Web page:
I'm reading The Colonial Impact on Southeast Asia by former UMKC academic Donald Carlson. It's an obscure scholarly tract with a liberal inserting of other academic essays throughout. That it was written more than three decades ago with a geographically-specific focus, in a manner that is impressively non-political (as a student of the early 21st Century university system, I'm jaded--just about everything from the past seems free of tendentiousness by comparison!), makes the contemporary 'lessons' I draw from it all the more powerful.
On page 38, Carlson writes:
In the mid-1880's, Britain occupied Upper Burma and abolished the royal government, resulting in overwhelming hostility toward the British. Though the monarchy had failed to respond to the needs of the Burmans, it had represented a long tradition in Burman life and had served as a symbol of Burmese culture. This rapid break with tradition resulted in an armed insurrection against British authority under the leadership of the monastic orders, the defenders of tradition and Burman culture.The British weren't welcomed as liberators. For overthrowing native miscreants, they were rewarded with ire. Religious leaders headed the insurrection against the Brits. Sound familiar?
Compared to Malaysia and especially Singapore, where the British were involved in at the same time, Burma was a major headache. The more Burkeian administrative bent in Malaysia was also more lucrative, less costly, and ultimately turned out a lot better than Burma by just about any measure.
As corrupt and unfriendly to private enterprise as Communist China was from the late forties on, Zedong knew how to utilize his industrious expatriates making money outside of the Middle Kingdom. In his treatment of the circumstances faced by the ethnic Chinese living in Southeast Asia, Carlson writes on page 170:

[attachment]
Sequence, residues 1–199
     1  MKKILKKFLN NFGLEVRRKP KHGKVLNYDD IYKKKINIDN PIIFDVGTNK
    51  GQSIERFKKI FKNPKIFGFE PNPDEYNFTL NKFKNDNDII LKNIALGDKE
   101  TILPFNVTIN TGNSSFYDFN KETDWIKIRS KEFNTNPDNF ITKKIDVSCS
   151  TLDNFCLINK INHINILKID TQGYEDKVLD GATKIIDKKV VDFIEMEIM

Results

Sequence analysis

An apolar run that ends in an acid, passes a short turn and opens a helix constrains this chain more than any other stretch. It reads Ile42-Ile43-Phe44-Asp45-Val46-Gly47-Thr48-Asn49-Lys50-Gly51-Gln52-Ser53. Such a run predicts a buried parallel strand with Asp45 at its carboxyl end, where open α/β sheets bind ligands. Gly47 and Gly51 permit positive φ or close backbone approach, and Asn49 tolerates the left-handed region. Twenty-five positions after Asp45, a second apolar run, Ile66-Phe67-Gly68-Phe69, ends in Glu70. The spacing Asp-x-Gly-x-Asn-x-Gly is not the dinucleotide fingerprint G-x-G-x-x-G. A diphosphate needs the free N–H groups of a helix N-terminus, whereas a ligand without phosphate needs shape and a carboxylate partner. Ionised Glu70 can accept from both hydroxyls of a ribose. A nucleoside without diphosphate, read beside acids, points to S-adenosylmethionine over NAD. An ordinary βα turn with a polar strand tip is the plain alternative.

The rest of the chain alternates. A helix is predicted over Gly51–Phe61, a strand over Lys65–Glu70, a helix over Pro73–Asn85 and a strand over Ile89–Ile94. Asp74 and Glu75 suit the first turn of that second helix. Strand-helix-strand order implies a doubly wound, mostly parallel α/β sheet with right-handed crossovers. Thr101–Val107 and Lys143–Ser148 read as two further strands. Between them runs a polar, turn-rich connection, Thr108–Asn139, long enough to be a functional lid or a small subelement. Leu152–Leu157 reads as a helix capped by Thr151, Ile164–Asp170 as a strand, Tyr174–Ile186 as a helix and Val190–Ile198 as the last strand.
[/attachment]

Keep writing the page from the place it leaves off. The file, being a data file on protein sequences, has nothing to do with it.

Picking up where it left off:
Within limits Peking was willing to help, since it wanted the Overseas Chinese to contribute liberally to the party funds and repatriate their money for investment in China. In addition they could be a very useful fifth column. A special government department, the Commission of Overseas Chinese Affairs, was set up in 1949 to protect the interests of Chinese abroad, foster close ties between them and China, and persuade them to send money home on a generous scale.Chinese consulates lobbying for special privileges in Jakarta, the ethnics they're lobbying on behalf of sending money to sustain an ugly government at home. And in preparation for future hostilities, it's good to have a substantial population situated in the bowels of the enemy. No word on whether Peking had the audacity to berate Jakarta or Manilla for allowing opium to make its way onto the Chinese mainland.
The similarities with today need to be tempered with a few considerations, though. It wasn't all bad for the Southeast Asian countries. The ethnic Chinese were more intelligent and industrious than their native populations at large, and helped sustain competitive manufacturing and export economies on a viable scale. Instead of being subsidized by Indonesians and Malaysians, the Chinese migrants subsidized them. They virtually abstained from violent criminal activity. And they only ended up with the small city-state of Singapore--it's not like they gobbled up the entire southwestern island of Sumatra!
Those who don't learn from history are bound to repeat it.